Oh No Another Battery Question

Submitted: Wednesday, Mar 28, 2012 at 20:33
ThreadID: 92855 Views:3051 Replies:3 FollowUps:9
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Hi Folks,
Sorry to bore you with another battery question but I have a N70 cranking battery under the bonnet, a AC Delco Marine 97 AH auxiliary battery connected via a Redarc battery isolator the auxiliary battery is I presume connected via a anderson plug (there is still power at the anderson plug with the car turned off) to a SSB 130 AH AGM deep-cycle battery in a T-Van and I have just had my alternator overhauled. The AGM battery is helped topped up by a 50w solar panel through a Sunguard Solar Controller.
The question is should I install a redarc 12/40 charger for the AGM battery with the intention of adding 150w of solar latter. I've searched most of the battery threads and was wondering whether I'm one the right track.
Thanks in anticipation.
Cheers
Graham
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Reply By: Member - Sonshine - Wednesday, Mar 28, 2012 at 21:25

Wednesday, Mar 28, 2012 at 21:25
Hi Graham,

I have a similar setup and was wondering also about the need for a Redarc 12v charger for the battery in the CT.

A this stage, I have opted just to connect the CT battery directly via 6B&S dual cable all the way through to the Aux battery on the tow vehicle.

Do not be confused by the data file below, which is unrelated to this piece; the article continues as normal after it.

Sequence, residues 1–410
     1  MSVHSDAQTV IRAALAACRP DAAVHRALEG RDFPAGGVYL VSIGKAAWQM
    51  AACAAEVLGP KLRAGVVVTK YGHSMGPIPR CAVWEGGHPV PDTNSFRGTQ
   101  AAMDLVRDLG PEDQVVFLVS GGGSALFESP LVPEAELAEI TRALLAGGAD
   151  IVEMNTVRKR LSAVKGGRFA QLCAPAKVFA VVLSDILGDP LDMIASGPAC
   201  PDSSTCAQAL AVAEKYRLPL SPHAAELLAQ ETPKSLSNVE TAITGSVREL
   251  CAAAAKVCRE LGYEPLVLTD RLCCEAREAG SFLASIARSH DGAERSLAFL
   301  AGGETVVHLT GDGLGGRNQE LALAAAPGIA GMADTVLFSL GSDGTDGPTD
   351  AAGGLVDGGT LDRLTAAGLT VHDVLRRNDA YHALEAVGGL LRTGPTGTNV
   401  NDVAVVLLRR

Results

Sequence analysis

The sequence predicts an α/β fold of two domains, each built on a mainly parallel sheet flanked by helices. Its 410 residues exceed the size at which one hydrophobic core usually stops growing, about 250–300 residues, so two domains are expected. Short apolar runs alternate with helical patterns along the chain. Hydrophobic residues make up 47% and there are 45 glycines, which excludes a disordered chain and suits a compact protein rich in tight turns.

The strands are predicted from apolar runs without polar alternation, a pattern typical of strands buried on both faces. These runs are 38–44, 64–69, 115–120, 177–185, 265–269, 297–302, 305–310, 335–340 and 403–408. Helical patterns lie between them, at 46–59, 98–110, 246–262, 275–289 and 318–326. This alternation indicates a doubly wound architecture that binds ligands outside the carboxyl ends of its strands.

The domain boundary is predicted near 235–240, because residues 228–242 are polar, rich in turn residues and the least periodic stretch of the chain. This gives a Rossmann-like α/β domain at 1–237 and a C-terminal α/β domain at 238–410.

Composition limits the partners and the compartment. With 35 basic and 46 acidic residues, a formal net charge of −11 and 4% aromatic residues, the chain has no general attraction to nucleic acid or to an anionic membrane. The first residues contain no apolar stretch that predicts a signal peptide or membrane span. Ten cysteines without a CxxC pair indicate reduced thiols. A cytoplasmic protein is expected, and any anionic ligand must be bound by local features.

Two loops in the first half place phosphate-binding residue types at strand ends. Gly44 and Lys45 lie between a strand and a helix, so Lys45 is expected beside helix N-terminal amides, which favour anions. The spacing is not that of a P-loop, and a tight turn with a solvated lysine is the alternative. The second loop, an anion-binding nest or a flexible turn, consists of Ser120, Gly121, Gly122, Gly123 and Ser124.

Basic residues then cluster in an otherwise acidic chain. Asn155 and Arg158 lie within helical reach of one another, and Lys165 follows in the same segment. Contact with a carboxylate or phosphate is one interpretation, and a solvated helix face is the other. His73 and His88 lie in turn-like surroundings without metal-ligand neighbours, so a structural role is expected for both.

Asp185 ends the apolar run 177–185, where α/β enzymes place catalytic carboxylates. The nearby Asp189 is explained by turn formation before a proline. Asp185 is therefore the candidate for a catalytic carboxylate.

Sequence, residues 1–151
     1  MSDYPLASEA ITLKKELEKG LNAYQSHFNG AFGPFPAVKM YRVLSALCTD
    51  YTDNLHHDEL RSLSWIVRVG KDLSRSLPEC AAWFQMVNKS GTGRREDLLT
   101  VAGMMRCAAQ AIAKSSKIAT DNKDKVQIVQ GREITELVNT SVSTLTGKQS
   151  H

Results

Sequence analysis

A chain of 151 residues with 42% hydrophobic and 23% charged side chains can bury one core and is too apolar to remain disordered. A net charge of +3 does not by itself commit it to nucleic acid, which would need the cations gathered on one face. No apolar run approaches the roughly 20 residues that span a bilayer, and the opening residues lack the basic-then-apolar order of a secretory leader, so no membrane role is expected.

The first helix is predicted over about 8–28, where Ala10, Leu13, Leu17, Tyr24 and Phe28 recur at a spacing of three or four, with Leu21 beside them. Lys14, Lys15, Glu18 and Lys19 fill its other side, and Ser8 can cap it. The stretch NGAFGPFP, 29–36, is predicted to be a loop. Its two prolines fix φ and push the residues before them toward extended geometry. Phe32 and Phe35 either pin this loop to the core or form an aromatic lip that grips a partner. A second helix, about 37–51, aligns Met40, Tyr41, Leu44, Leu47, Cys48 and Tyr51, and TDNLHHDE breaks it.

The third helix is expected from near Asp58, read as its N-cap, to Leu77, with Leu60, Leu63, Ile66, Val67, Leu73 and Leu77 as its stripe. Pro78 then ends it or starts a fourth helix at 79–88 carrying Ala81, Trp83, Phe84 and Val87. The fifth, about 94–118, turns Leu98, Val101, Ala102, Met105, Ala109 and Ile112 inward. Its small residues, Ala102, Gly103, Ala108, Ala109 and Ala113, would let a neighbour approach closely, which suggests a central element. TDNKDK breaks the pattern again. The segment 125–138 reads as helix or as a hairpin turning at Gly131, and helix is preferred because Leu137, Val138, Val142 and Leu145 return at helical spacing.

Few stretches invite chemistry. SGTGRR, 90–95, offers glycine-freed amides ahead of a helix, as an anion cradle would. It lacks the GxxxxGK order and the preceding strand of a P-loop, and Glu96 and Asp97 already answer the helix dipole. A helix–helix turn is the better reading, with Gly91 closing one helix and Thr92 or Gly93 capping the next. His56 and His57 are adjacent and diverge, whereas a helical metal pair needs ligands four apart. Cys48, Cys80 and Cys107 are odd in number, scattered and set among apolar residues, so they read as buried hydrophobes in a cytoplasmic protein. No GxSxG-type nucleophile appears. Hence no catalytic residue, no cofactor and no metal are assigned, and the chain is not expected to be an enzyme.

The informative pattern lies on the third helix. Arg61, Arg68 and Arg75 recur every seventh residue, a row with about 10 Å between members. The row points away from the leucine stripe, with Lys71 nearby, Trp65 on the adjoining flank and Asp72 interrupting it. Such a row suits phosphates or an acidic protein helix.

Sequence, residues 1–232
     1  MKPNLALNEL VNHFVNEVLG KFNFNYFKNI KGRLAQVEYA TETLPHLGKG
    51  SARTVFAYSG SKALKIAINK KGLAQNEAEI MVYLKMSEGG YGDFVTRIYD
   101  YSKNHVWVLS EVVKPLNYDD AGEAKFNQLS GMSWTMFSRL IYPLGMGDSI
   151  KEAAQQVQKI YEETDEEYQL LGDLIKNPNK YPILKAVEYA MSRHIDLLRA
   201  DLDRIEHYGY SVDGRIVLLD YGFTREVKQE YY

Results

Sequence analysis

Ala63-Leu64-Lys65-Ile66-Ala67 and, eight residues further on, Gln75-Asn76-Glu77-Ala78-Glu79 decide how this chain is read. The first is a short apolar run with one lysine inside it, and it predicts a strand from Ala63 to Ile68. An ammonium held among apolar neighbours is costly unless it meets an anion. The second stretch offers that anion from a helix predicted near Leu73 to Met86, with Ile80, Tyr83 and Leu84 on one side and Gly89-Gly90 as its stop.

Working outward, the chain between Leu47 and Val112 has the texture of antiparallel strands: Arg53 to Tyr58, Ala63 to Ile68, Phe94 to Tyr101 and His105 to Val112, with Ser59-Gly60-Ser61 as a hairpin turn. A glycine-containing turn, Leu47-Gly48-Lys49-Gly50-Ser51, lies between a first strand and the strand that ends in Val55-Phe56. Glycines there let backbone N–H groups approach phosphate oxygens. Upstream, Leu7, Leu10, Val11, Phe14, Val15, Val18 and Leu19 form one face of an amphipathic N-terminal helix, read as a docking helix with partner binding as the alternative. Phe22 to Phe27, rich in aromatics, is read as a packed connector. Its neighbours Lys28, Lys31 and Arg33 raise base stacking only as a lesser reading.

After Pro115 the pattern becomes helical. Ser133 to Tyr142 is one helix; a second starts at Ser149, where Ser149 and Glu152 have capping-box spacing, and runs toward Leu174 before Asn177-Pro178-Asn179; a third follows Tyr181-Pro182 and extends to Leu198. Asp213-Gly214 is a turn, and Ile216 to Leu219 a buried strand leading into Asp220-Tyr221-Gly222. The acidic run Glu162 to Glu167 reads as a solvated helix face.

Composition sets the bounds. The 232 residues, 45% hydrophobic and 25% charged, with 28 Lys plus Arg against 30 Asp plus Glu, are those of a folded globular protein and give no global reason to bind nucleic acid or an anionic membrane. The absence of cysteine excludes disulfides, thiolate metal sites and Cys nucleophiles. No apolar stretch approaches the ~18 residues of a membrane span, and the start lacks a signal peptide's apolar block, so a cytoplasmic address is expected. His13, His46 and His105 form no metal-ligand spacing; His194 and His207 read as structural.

I realise this will not provide the optimal voltage to achieve the best charge, but should give it a good kick along while on the move.

The battery life will probably not be as long as if I had the 12V Redarc charger in the CT, but I'll save the cost of the Redarc and wear the cost of a new battery 2 years down the track if I need to.

I have a solar panel on the Van and I have just purchased a 120W portable folding solar panel with its own regulator for charging via the CT Anderson.

Will let you know how it goes.


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Follow Up By: Member - Graham N (SA) - Wednesday, Mar 28, 2012 at 22:46

Wednesday, Mar 28, 2012 at 22:46
Thanks Garry for the reply,